Like many Canadians, Gord Sinclair spent much of the early days of the COVID-19 pandemic isolated from society. Faced with the challenges and emotions of a global pandemic, as well as the social and economic fallout, the longtime bassist for The Tragically Hip turned to music as an outlet to share his thoughts and feelings during the experience.
“I don’t keep a diary or journal or anything like that. I express myself musically. So I started to write; I started to work on new material,” he said.
The new material eventually worked its way into Sinclair’s second solo record In Continental Drift, released earlier this year.
Described by Sinclair as a “pandemic record,” In Continental Drift taps into the complexities of the pandemic times and the “rollercoaster of emotions” that came with it.
“It was just my way of, in many cases, blowing off steam. [I was] trying to reflect on how I was feeling lyrically, but also musically. I think, like everybody else who went through it, I went through a real roller coaster of emotions. Some days, I just literally wasn’t feeling like myself. I was feeling a little depressed not being able to see friends, travel, and see live music,” he expressed.
“I think everyone was in the same boat; I was just fortunate enough to have a guitar and a little bit of space, [so] I could write these things down.”
While the content of the album reflects familiar pandemic themes, the process of recording In Continental Drift was also uniquely shaped by the circumstances of COVID-19. Because The Tragically Hip’s Bathouse Studio was fully booked throughout much of the pandemic, Sinclair and some friends found unconventional ways to record.
“I couldn’t get into a studio to record,” Sinclair said, “so I got on the phone with my buddy James McKenty, who, the summer before the pandemic struck, had converted an old Airstream trailer into a portable recording studio… Our drummer drove the Airstream down to my house, parked it in my driveway, and we made the record right here.”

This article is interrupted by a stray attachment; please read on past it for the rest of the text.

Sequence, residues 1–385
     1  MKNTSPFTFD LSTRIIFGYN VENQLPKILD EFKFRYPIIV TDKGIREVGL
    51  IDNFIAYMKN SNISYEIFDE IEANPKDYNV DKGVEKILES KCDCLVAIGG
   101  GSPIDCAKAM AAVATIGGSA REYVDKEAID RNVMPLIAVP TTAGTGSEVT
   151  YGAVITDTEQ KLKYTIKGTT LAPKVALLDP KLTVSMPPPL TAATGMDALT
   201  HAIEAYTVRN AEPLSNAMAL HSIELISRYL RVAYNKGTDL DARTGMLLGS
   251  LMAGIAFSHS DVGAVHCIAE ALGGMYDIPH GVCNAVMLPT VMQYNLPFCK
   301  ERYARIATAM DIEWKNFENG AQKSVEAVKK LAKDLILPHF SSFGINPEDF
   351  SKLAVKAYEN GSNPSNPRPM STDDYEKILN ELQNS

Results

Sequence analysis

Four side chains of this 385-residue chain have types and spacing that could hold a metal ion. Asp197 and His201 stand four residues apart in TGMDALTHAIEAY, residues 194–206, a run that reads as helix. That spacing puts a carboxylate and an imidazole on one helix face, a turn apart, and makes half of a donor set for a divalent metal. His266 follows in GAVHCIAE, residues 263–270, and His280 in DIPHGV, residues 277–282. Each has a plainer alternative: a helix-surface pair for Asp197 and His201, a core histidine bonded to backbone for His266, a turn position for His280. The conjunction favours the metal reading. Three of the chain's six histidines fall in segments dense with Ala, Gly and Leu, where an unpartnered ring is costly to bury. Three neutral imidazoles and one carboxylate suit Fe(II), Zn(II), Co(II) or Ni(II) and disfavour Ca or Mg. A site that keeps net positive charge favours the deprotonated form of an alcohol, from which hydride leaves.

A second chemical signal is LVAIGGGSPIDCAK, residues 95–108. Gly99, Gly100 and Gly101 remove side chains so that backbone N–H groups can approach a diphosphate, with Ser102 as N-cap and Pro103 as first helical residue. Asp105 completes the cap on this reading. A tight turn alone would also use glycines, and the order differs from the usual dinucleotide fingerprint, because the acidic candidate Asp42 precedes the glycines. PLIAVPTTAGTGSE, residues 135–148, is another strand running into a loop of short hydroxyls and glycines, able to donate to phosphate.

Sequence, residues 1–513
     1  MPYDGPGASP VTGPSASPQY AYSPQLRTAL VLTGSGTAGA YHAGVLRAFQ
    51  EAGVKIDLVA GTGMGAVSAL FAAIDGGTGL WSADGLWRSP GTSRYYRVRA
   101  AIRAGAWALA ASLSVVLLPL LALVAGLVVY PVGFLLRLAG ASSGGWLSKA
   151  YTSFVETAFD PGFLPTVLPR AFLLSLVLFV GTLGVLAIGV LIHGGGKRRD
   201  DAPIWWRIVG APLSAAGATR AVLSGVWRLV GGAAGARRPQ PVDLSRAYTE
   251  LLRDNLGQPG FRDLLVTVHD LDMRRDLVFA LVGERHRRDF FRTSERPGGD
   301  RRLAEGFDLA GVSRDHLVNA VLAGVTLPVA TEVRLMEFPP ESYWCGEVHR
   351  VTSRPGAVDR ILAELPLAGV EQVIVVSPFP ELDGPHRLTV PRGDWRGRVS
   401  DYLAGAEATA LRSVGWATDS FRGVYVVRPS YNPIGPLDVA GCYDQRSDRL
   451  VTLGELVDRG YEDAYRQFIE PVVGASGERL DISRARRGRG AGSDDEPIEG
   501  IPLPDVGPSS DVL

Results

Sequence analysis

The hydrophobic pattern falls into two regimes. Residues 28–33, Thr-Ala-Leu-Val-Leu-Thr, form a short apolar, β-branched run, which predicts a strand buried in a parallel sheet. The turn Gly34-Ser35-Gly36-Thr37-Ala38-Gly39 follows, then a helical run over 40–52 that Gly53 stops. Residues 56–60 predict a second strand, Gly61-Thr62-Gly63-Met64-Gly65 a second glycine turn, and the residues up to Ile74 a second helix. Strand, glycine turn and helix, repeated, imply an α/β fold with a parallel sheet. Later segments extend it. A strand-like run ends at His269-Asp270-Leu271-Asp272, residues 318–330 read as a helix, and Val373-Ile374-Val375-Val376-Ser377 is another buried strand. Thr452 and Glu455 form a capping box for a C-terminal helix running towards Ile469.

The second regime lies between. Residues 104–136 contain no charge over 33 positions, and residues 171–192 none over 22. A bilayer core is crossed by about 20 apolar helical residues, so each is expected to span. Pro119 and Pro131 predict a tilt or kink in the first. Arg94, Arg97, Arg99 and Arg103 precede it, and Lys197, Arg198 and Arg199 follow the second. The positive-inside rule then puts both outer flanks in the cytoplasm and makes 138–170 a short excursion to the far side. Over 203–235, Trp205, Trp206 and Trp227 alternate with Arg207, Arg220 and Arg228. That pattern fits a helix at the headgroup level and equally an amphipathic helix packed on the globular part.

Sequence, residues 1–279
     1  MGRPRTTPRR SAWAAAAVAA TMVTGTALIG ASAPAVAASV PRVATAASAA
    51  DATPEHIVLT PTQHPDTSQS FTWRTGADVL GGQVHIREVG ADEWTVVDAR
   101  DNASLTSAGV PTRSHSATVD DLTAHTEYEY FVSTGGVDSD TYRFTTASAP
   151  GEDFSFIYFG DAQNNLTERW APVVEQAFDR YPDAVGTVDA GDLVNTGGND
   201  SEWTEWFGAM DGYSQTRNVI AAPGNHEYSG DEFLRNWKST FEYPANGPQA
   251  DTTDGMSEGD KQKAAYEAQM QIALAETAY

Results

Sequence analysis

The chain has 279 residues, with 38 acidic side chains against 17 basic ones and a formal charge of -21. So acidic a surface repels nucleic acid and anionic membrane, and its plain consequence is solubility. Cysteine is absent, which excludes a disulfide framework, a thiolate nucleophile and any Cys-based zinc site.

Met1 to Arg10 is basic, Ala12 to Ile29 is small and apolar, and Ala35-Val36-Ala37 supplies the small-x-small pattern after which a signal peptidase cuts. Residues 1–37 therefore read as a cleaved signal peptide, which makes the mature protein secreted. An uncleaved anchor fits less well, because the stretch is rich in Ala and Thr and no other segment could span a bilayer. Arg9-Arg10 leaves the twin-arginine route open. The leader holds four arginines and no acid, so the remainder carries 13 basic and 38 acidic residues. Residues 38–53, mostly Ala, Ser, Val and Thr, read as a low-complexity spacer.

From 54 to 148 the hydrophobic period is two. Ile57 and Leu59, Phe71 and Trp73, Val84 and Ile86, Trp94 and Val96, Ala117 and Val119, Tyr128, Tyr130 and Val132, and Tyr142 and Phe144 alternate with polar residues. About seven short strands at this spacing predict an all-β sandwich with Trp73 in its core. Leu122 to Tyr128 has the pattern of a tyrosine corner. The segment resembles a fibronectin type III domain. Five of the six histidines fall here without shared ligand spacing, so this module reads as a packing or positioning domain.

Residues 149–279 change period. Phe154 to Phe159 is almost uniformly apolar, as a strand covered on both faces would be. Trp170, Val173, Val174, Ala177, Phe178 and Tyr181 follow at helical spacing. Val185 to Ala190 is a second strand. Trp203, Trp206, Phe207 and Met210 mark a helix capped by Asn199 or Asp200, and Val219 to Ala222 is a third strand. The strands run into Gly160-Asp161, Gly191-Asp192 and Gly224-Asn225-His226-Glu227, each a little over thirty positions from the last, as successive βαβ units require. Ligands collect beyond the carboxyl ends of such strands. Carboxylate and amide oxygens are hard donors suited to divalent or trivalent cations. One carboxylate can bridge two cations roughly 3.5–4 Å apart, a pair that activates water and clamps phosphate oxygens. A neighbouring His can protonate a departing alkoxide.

Recording for In Continental Drift took place over two sessions. The first, in October of 2022, saw Sinclair and his bandmates focus on drums and scratch vocals. Then, they reconvened this past January and laid down guitar and vocal tracks. Remarked Sinclair, “The whole thing was very isolated. We had a really small staff, and it was a lot of fun. It was a really great way to spend the pandemic: getting ready for it and recording it.”
Along with the release of his new album, Sinclair has also planned a brief Ontario tour in support of the record. The tour officially kicks off this Saturday, Jun. 3, 2023, with a hometown show at The Broom Factory (305 Rideau Street) in Kingston as part of Spring Reverb 2023, a festival organized by KPP Concerts that showcases local and national acts.
“It’s really exciting,“ said Sinclair. “I’m happy to be part of this festival. Live music has undergone quite a bit over the last few years, and COVID certainly didn’t help matters much for the live music business.“
“It’s great that the folks at KPP are putting this on, [with] multiple acts at multiple venues across multiple nights. It speaks a lot to what Kingston is all about,” he added. As an artist who has played countless gigs in Kingston over the decades, Sinclair said the city “punch[es] above its weight” where live music is concerned.